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R3 leads call to scrap legal reform 16 October 2014

Insolvency trade body R3 and other business groups have called on the government to abandon legal reforms that could cost creditors “over £160m per year”.

The proposed change would see insolvency litigation removed from exemption from the ‘no-win, no-fee’ legal funding introduced by the 2012 Legal Aid, Sentencing and Punishment of Offenders Act (LAPSO).

R3 has said the exemption is the “only way” creditors are able to afford to fund court cases to retrieve money from rogue directors that have wrongly taken money out of a failed business.

Giles Frampton, president of R3, says: “Quite rightly the government has stressed the importance of cracking down on directors who misbehave, but it’s these directors that will be the big winners from the end of insolvency litigation’s Jackson exemption. Creditors – including the taxpayer and small businesses – will be the ones who lose out.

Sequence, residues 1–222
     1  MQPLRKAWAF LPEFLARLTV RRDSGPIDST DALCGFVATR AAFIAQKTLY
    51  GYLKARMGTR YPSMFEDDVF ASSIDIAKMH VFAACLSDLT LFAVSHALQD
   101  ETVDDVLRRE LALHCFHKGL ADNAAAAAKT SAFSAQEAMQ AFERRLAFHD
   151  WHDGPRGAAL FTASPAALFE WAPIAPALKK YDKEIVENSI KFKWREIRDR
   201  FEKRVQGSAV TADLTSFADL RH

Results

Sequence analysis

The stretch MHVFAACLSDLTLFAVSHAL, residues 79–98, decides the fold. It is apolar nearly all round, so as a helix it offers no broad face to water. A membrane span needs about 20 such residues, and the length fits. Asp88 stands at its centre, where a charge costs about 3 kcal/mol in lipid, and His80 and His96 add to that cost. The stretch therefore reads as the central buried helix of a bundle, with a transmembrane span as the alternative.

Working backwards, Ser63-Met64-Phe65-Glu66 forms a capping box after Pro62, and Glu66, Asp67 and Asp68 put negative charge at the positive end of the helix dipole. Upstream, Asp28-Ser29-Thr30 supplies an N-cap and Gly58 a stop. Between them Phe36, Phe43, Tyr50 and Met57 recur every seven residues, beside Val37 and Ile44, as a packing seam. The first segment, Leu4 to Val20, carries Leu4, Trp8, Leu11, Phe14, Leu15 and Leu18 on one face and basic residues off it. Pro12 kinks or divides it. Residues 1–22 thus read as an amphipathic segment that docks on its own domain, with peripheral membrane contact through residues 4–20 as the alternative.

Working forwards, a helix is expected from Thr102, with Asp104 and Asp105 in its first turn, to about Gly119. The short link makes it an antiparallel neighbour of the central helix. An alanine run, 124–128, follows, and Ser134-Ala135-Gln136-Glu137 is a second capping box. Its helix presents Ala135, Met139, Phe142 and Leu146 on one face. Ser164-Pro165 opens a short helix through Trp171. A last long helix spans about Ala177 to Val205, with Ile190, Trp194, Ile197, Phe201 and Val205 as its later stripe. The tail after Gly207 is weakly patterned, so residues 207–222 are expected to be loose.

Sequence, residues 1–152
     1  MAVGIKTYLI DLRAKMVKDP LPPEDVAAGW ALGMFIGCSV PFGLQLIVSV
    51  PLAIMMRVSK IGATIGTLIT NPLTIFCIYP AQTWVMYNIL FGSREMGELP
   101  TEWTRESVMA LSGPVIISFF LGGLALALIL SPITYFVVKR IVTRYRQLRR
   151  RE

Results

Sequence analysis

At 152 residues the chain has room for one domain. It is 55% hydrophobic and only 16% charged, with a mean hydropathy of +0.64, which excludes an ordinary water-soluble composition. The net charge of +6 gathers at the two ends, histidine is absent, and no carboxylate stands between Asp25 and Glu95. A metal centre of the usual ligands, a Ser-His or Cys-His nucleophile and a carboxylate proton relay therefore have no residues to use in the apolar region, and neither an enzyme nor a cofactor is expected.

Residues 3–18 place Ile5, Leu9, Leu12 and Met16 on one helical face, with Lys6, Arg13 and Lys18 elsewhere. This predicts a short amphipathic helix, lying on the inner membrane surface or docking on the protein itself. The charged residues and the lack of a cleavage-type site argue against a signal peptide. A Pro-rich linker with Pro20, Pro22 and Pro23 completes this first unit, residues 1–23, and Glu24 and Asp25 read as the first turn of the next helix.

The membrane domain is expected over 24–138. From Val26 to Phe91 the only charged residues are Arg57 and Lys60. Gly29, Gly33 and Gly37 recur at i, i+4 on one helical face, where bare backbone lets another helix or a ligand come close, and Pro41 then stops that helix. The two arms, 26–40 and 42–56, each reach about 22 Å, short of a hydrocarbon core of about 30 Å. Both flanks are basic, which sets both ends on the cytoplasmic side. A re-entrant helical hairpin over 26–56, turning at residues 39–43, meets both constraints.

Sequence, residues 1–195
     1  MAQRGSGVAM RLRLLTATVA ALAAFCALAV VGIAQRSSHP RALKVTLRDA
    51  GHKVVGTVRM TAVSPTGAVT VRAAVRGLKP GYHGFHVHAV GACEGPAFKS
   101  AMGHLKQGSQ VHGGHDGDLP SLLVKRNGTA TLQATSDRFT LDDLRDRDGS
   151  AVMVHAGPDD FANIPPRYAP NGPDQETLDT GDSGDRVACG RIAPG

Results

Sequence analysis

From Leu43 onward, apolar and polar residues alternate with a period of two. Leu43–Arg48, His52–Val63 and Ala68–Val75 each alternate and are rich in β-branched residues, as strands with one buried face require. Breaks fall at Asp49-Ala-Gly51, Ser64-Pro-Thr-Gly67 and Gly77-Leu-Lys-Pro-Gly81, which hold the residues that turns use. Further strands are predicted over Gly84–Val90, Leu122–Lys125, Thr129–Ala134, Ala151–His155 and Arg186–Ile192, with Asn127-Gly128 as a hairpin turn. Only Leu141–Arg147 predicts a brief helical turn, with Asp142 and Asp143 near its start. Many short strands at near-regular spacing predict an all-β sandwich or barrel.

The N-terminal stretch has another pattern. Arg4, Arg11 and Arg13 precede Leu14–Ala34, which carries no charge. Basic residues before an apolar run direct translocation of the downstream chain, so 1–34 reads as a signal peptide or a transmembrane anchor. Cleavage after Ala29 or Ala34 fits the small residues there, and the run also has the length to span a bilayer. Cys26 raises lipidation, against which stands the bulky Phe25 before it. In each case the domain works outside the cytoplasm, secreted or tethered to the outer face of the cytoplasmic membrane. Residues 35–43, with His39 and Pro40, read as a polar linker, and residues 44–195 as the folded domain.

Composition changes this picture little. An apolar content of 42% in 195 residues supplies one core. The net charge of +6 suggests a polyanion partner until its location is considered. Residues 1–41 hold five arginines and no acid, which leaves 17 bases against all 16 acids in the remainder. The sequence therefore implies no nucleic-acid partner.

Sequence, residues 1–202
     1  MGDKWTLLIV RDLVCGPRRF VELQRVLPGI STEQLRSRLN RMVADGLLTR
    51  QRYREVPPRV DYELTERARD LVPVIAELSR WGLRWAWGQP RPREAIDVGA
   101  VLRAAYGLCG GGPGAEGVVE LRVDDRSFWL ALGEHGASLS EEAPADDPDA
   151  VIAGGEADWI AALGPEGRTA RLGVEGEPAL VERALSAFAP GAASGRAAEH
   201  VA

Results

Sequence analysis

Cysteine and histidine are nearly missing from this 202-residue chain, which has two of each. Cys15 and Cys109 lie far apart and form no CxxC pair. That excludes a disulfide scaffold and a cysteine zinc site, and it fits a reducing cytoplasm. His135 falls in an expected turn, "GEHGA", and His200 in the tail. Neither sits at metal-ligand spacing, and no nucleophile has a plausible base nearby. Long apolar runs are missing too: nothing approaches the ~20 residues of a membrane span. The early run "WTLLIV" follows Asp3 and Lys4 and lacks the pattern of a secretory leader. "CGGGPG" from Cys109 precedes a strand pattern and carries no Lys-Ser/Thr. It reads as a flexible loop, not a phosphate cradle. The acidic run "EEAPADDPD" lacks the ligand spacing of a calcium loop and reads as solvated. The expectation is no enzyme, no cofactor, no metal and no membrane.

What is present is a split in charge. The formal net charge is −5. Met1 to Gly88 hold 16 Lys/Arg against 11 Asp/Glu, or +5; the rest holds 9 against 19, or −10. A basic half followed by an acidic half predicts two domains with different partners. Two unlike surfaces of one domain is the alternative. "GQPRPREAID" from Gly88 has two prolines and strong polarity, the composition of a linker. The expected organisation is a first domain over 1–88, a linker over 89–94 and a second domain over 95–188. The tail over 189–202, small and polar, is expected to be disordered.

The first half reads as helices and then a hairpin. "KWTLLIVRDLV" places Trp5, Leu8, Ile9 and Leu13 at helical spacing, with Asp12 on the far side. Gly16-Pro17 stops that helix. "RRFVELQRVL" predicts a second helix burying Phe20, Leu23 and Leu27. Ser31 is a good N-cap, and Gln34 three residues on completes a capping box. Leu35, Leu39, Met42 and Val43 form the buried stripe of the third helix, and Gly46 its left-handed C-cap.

“Insolvency litigation does everything the Jackson reforms were designed to protect. It’s in the public interest, it keeps legal costs down, and it protects public funds. It makes no sense for the exemption to end.”

In a public letter to Prime Minister David Cameron, Frampton, along with the Institute of Credit Management (ICM), the British Property Federation, the Institute of Chartered Accountants in England & Wales, the Association of Chartered Certified Accountants, and the Institute of Chartered Accountants Scotland, has called for the reform to be dropped.

A report from the University of Wolverhampton this year found that insolvency practitioners are pursuing up to £300m of creditor funds using the ‘no-won, no-fee’ funding – £160m is returned to creditors from rogue directors every year.

Philip King, chief executive of the ICM, said: “Money lost through suppliers or customers entering insolvency can threaten the survival of a business.

“It’s crucial that the insolvency regime is equipped with the right tools to return creditors’ money to them. Including insolvency litigation within the Jackson reforms would be a huge setback for creditors: it would see creditors’ money stay in rogue directors’ hands.”

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